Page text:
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Gr. HS Unit: Extending to Three Dimensions

Unit Overview

Students’ experience with two-dimensional and three-dimensional objects is extended to include informal explanations of circumference, area and volume formulas. Additionally, students apply their knowledge of two-dimensional shapes to consider the shapes of cross-sections and the result of rotating a two-dimensional object about a line.

Essential Questions:

  • How is visualization essential to the study of geometry?
    • In what ways do visualization aids help to analyze the two-dimensional figure formed by a cross section of a three-dimensional figure?
    • In what ways does visualization help to determine what three-dimensional figured is formed by a rotation of a two-dimensional figure about a line?
    • How does visualization facilitate the selection of a geometric figure as a model for a real-world object?
  • How does geometry explain or describe the structure of our world?
    • In what ways do geometric shapes, their measures and their properties, describe real-world objects?
  • How can reasoning be used to establish or refute conjectures?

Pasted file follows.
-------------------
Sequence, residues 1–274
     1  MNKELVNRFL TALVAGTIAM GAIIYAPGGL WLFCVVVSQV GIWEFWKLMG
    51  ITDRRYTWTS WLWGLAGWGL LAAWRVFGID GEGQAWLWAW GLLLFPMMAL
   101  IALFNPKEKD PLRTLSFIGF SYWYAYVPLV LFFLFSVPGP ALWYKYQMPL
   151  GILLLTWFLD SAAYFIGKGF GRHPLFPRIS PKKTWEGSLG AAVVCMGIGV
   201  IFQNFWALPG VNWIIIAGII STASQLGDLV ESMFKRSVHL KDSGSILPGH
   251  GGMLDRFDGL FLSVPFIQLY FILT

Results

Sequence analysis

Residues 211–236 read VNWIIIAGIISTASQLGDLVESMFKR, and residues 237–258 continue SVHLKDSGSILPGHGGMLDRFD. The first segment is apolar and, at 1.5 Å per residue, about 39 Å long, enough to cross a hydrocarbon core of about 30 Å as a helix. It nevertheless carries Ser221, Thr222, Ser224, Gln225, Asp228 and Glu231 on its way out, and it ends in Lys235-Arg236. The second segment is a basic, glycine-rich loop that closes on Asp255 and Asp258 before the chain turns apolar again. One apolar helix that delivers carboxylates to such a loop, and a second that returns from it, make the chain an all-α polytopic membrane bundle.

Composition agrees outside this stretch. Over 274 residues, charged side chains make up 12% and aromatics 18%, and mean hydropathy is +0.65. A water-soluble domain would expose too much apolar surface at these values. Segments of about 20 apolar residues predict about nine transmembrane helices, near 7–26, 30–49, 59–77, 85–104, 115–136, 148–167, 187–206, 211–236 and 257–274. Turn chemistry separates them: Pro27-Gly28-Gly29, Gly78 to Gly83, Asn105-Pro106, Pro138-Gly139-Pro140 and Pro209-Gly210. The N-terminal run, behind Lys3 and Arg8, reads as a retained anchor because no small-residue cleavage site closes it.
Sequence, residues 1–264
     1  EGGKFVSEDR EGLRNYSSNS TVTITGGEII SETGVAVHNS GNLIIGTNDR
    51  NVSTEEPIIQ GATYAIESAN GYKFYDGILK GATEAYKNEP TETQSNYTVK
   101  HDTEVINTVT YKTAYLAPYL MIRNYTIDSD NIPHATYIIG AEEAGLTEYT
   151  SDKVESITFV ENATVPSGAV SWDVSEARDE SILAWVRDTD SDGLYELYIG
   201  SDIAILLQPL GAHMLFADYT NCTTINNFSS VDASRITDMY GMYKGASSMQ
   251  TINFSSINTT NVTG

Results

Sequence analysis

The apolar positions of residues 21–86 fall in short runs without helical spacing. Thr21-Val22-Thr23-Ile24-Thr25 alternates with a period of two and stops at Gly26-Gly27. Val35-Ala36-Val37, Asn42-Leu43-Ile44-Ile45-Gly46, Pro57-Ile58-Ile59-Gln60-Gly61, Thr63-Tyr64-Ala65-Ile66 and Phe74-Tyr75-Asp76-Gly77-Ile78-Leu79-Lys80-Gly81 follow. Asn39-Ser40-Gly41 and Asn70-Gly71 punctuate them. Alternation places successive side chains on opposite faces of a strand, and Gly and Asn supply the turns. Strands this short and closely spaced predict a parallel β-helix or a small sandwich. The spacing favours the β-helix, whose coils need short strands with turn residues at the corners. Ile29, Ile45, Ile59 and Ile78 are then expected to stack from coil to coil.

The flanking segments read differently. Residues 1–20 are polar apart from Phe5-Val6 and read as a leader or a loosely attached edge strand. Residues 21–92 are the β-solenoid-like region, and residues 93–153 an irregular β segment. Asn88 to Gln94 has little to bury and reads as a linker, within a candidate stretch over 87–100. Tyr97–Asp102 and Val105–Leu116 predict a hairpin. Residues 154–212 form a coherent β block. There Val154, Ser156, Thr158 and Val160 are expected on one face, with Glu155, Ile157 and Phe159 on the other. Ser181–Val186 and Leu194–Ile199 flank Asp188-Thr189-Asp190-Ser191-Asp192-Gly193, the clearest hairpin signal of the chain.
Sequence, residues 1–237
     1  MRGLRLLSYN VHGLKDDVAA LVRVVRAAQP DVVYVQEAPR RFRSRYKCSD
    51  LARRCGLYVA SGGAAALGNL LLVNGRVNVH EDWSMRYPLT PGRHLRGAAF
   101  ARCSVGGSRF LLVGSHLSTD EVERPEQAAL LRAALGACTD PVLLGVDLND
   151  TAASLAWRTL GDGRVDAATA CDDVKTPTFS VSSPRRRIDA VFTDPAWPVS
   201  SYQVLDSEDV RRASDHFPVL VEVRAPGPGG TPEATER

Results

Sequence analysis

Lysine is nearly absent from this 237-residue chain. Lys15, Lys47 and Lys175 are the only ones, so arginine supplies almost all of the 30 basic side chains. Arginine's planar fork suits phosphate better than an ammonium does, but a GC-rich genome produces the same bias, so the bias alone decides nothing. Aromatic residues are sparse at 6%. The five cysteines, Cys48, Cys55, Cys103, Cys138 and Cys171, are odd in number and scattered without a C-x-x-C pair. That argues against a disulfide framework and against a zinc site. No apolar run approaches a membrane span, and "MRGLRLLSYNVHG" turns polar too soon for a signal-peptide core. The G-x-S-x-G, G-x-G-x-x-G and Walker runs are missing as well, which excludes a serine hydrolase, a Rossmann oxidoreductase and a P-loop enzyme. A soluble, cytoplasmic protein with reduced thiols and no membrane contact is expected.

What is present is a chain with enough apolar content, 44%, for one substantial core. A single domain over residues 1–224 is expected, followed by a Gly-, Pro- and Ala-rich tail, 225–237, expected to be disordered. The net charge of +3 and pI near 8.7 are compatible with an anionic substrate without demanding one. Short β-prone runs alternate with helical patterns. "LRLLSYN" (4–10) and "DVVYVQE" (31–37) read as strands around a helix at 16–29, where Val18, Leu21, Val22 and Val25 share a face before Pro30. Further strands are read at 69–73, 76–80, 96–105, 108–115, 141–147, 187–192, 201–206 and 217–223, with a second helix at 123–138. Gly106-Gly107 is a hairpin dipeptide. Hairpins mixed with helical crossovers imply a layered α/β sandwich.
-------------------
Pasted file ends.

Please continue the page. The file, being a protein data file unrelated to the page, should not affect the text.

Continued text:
• What type of argument must be presented to establish the validity of formulas for circumference of a circle, area of a circle and volume of a cylinder, pyramid or cone?

A question is essential when it stimulates multi-layered inquiry, provokes deep thought and lively discussion, requires students to consider alternatives and justify their reasoning, encourges re-thinking of big ideas, makes meaningful connections with prior learning, and provides students with opportunities to apply problem-solving skills to authentic situations.

Unit Lesson

Additional information such as Teachers Notes, Enduring Understandings,Content Emphasis by Cluster, Focus Standards, Possible Student Outcomes, Essential Skills and Knowledge Statements and Clarifications, and Interdisciplinary Connections can be found in this Lesson Unit.